Soul food is some of the tastiest food on the planet, and most soul food restaurants include similar staples for an authentic menu. The go-to meat is usually fried chicken, and your chances of making it right at home are slim. Here are nine items that are on most menus across the soul food spectrum.
1. Meat – Chicken, Beef, and Pork
The meat was not always a staple of soul food diets, but now you’ll find it has a prominent place on most soul food menus. Some options include:
• Fried chicken: which might be called “Southern, deep fried or just cooked.”
• Beef: meatloaf, liver and onions and stew may be in this category
• Pork: Pigs’ feet that may be barbecued or boiled, chitterlings, neck bones, pork chops
Chitterlings are pronounced “chitlins.” And yes, pickled pigs’ feet are a real thing.
Catfish is the first fish choice any soul food menu and is commonly featured on the menu of Southern food subscription service PeachDish. It is usually pan fried, but it could be blackened or baked, too. You haven’t lived until you’ve had pan-fried catfish. Coastal areas might include grilled shrimp and salmon patties on their menus. A seafood boil may consist of:
• Smoked sausage
• Snow crab legs
• Sweet corn on the cob
• Red potatoes
Local, fresh catfish is often available on soul food menus. Anything fresh and local is worth a try.
3. Collard Greens
It might not be a real soul food restaurant if it doesn’t have collard greens on the menu. Greens may not entice you while they’re cooking, but when they’re ready to eat, you’re in for a treat. Collard greens need to be cooked with meat to be edible, particularly ham hocks. Bacon is another favorite for adding flavor. Many add crushed red pepper, salt, and pepper before cooking the daylights out of them. They are typically boiled and then simmer for about a half hour.
4. Mac ‘n’ Cheese
This dish does not need much variation, ever. Basic macaroni pasta and mild cheddar cheese are the key ingredients. Making it “fancy” ruins the whole soul food vibe.
5. Black-Eyed Peas
Named for the black spot that dots this flesh-colored legume, black-eyed peas have long graced Southern dinner tables. Like collard greens, these peas cooked with a pork product along with onion and hot sauce for additional flavor. When eaten on New Year’s Day, these are thought to bring good luck.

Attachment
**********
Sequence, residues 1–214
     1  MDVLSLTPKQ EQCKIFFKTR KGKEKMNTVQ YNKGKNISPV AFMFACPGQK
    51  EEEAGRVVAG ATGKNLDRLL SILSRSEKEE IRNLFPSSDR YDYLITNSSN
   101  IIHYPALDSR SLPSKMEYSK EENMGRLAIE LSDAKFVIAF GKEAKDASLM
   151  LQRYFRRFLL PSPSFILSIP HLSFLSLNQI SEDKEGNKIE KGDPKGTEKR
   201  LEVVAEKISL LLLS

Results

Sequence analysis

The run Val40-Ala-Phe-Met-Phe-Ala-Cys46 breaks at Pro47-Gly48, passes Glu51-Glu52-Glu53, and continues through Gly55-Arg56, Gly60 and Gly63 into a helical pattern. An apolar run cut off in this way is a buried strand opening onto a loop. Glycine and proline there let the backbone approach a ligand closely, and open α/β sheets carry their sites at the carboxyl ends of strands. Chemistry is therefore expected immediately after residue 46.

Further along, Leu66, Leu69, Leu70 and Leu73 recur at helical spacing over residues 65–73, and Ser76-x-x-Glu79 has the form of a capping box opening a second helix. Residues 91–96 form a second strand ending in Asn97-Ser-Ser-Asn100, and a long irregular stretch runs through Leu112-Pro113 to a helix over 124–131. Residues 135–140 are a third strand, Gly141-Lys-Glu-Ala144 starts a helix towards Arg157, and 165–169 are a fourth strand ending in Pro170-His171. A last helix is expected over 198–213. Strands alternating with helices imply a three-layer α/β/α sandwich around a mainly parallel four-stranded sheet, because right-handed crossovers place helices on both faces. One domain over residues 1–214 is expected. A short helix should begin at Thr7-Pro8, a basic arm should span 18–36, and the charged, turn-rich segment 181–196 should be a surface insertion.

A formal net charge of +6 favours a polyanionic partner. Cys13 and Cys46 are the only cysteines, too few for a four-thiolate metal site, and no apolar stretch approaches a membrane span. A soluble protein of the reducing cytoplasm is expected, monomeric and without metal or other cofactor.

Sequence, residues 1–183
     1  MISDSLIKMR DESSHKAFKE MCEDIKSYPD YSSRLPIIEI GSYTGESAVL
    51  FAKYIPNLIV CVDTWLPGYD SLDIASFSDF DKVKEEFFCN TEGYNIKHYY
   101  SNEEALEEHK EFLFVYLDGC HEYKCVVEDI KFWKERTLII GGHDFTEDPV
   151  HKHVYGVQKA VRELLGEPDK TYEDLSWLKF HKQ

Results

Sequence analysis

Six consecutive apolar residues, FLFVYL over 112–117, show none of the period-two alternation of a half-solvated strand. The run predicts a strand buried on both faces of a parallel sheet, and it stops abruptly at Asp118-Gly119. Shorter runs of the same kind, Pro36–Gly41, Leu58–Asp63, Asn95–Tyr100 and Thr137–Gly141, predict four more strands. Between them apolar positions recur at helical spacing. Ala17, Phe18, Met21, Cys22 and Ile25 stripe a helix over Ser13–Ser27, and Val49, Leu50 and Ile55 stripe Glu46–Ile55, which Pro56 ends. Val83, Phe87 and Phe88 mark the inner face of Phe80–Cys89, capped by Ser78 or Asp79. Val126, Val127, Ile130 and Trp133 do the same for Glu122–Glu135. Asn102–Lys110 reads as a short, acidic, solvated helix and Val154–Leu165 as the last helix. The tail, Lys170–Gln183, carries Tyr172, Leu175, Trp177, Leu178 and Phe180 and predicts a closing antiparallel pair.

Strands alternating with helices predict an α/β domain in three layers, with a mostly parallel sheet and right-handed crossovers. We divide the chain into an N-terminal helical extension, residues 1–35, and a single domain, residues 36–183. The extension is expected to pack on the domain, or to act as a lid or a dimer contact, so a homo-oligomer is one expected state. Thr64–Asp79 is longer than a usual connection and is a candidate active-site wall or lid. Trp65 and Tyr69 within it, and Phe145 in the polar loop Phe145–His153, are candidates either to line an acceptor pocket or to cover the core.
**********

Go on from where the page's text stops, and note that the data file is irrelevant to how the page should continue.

Made from cornmeal, flour, and ample amounts of butter and sugar, cornbread is an excellent Southern take on traditional bread. Original recipes were handed down from the Native Americans who had been using ground corn in their cooking for centuries. Early European settlers to the Southern U.S. quickly adapted these recipes to their liking, creating a delicious meal accompaniment that we still enjoy today.
7. Candied Yams
As Southern cooking goes – anything is delicious when smothered in butter and sugar. Candied yams are no exception. These delightful treats start with diced sweet potatoes that cook in butter, then are coated with sugar and spices and simmered over a low heat until tender.
Desserts are the climax of a soul food menu. Many menus include a big favorite down south: banana pudding topped vanilla wafers and whipped cream. Fresh fruit pie with ice cream and coconut cake are popular. Bread pudding and lemon meringue pie are also frequently listed in the dessert section. Fruit cobbler is a big hit, especially with vanilla ice cream.
9. Sweet Tea
Now, iced tea is a drink, but it’s a must. For a real soul food menu, there should be sweet tea. Some diners prefer unsweetened tea, and they’re called Yankees.
Another aspect of soul food menus is the “smothered” possibility. This means gravy covers whatever meat is ordered, and usually rice accompanies it. It’s hard to go wrong with gravy. Enjoy the eating.